Visualization of TCNT0 register activity in CTC mode

Zápisník experimentátora

Hierarchy: Časovač (timer)

In this article, we build on the previous article that described timer2. We will try to visualize the operation of the TCNT0 register, which is located in timer 0. Timer0 in Arduino handles the time calculation and therefore the operations on it also affect the millis and delay functions. We will show you a simple solution to deal with such a problem.

Used parts

To create an animation we can use:

  • Arduino Pro Mini (link) - I used it because it will fit even the smallest breadboard.
  • Mini Breadboard (link) - The smallest sold breadboard. I used two and be careful that two modifications of this breadboard are sold. Those with small protrusions can be nicely connected to each other in this way.
  • Converter CP2102 USB to Serial (link) - The converter is used to program the Arduino.
  • Board with resistors and LEDs (link) - Since I have made several such boards, I used it so that I did not have to complicatedly connect 8 LEDs and 8 resistors to the Arduino pins. But you can also use resistors and LEDs directly, just be careful not to exceed the maximum current on the pin. Therefore, use resistors from 330 to 1000 ohms.

Everything is connected according to the following picture. The LEDs are connected to pins RX (0), TX (1), 2-7 and the picture also shows the GND connection on my LED board using two wire jumpers to the Arduino. The Arduino Pro Mini also has GND on the other side, so I could have used a single jumper, but then it would be badly photographed.

RX and TX are swapped because the bit of the 8-bit number will be displayed by writing directly to the PORTD register, and we need to have the pins aligned the same as the bits in the register. We will display the contents of the TCNT0 register, which is the register for timer0. In it, the value gradually increases up to the set value of the OCR0A register. This happens in the case of CTC mode. It should be true that the maximum value of TCNT0 = OCR0A. This is easy to check on the diodes, because if you write the value 63 (binary 0b00111111) to OCR0A, for example, the last two LEDs should not light up. If they light up, then you have programmed something wrong.


This program affects timer0 and therefore the millis and delay functions cannot be used in it.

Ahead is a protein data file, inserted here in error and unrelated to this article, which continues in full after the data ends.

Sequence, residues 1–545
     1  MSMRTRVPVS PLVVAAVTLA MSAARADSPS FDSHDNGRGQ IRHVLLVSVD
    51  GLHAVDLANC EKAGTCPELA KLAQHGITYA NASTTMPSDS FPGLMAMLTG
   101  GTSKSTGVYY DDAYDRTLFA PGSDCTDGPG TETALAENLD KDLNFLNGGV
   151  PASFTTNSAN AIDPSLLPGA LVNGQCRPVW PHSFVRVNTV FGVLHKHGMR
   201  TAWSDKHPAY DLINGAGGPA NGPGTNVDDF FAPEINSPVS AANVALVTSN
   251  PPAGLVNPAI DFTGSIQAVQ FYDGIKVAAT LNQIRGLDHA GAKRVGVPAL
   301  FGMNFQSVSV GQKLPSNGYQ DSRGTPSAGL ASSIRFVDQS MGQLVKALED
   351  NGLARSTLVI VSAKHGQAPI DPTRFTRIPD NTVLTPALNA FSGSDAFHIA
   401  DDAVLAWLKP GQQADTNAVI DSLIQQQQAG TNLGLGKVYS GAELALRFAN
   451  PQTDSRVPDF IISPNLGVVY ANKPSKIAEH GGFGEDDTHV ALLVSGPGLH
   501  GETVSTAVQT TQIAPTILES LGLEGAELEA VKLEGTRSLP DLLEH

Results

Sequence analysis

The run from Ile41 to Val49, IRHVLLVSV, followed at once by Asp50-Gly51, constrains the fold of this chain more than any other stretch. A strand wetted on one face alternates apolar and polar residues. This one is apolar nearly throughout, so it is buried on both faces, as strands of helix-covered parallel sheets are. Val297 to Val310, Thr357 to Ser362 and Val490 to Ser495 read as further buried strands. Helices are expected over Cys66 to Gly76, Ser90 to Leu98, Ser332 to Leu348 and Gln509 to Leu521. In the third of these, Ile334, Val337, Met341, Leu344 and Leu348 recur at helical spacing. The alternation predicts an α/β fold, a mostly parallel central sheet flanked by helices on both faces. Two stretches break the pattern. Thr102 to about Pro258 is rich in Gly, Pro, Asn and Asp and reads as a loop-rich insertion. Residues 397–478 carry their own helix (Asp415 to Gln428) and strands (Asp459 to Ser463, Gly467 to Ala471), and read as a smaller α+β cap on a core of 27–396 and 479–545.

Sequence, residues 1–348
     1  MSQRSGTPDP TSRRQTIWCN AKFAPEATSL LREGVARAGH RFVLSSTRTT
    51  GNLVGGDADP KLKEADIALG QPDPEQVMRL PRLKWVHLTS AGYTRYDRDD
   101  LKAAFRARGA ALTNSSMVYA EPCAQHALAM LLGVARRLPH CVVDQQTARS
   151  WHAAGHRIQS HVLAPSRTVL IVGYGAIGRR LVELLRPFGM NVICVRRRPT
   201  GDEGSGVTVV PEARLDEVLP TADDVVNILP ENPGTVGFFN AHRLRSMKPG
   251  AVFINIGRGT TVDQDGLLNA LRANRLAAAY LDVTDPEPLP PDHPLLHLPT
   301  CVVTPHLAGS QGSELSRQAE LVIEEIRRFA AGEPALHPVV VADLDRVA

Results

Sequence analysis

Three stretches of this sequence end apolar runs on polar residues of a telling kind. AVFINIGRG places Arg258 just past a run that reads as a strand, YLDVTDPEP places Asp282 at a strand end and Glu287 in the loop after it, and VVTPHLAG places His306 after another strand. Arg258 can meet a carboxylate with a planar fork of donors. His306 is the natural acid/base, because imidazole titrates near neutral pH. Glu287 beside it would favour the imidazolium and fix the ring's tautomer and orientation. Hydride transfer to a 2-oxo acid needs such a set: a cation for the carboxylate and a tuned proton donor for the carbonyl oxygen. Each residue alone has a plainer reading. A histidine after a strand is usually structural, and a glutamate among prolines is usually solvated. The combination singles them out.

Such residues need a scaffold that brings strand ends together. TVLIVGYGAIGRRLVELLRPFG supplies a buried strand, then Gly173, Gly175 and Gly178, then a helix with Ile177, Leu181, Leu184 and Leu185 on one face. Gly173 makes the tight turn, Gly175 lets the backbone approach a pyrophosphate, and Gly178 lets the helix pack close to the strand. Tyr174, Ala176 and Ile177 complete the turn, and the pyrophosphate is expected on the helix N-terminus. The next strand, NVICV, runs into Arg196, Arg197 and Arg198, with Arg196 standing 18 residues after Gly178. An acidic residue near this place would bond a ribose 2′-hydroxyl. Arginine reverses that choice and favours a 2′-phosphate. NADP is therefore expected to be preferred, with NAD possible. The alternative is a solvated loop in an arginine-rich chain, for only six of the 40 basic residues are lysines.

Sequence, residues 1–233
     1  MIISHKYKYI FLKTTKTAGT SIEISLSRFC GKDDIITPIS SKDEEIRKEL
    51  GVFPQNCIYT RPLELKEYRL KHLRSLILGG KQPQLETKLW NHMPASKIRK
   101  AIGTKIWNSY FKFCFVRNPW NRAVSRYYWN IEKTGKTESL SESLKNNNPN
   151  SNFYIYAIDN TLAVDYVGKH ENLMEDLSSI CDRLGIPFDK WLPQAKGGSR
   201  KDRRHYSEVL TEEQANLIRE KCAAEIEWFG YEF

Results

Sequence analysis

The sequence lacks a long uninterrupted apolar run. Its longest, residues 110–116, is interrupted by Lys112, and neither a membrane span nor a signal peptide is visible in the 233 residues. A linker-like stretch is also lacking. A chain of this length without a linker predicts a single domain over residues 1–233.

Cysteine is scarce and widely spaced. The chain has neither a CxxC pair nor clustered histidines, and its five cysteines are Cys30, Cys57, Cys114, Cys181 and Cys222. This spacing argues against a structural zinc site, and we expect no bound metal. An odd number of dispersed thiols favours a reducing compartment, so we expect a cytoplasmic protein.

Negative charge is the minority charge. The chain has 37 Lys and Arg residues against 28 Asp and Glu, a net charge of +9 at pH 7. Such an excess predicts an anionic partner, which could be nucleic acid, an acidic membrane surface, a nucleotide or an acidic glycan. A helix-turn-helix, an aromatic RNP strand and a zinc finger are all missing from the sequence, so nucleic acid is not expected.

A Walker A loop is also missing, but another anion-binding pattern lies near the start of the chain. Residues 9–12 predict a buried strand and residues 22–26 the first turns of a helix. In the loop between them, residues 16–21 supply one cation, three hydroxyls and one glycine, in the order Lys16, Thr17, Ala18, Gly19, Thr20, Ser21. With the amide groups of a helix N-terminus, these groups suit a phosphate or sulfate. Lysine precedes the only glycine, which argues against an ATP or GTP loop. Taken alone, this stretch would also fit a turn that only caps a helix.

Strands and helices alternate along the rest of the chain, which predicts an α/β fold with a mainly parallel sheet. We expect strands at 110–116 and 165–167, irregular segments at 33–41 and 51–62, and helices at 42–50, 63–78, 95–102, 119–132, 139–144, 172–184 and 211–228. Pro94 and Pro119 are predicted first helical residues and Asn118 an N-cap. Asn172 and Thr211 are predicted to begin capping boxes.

I generated the basis of the program in my application. Because the Arduino clock is set to 16 MHz and we use an 8-bit timer, we cannot set it too low. The minimum is approximately 70 Hz. That's why I set it to 100 Hz.

In order to see that the program is working properly, I also let the LED on pine 13 flash in the program. The flashing takes place in the ISR interrupt handler (TIMER0_COMPA_vect) and since the interrupt is triggered 100 times per second, I slowed it down using a variable divider to 1 Hz.

The interrupt visualization is in the loop function. We can't have it in an interrupt, because the TCNT0 register still has the same value when the interrupt is triggered. In the previous example, I delayed the entry at the register slightly at this point using the delay function. But we can't use it now, because I reprogrammed the timing of timer 0 and thus changed the time calculation for Arduino. For example, the delay function is defined in the Arduino core as follows.

void delay(unsigned long ms)
    uint32_t start = micros();

    while (ms > 0) {
        while ( ms > 0 && (micros() - start) >= 1000) {
            start += 1000;

Because in this case I only need some deceleration, I just need to use the nop instruction in sufficient quantity. I used a cycle that uses this instruction in sufficient quantity to slow down the rendering for a few milliseconds to achieve the desired effect. The text in quotation marks must also be written with \n at the end, because the assembler instructions are each written on a separate line and this will ensure us. When we have only one instruction, it is not as visible as if we used them more than once in the code.

for(long i=0;i<100000;i++)

This created an interesting animation effect. It's a bit like old sci-fi movies, where spaceships, or any advanced technology, used to be displayed as a flashing group of lights.

When you look at the blinking, you will notice that the binary number does not go up to 255. If, for example, the value 31, 63 or 127 were in the OCR0A register, the LEDs from the upper bits would be even more visible. This is actually proof that it really counts correctly in CTC mode.

#define ledPin 13

int divider=0;

void setupTimer() {
  TCCR0A = 0;
  TCCR0B = 0;
  TCNT0  = 0;
  OCR0A = 155; // 100.16025641025641 Hz
  TCCR0A |= (1 << WGM01);
  TCCR0B |= 0;
  TCCR0B |= (1 << CS02) | (0 << CS01) | (1 << CS00);
  TIMSK0 |= (1 << OCIE0A);

void setup() {
  pinMode(ledPin, OUTPUT);

  for (int i = 0; i < 8; i++)
    pinMode(i, OUTPUT);

void loop() {

  // delay replacement, because we changed timer0
  for(long i=0;i<100000;i++)

    digitalWrite(ledPin, digitalRead(ledPin) ^ 1);

Source code

The source code is on the server GitHub.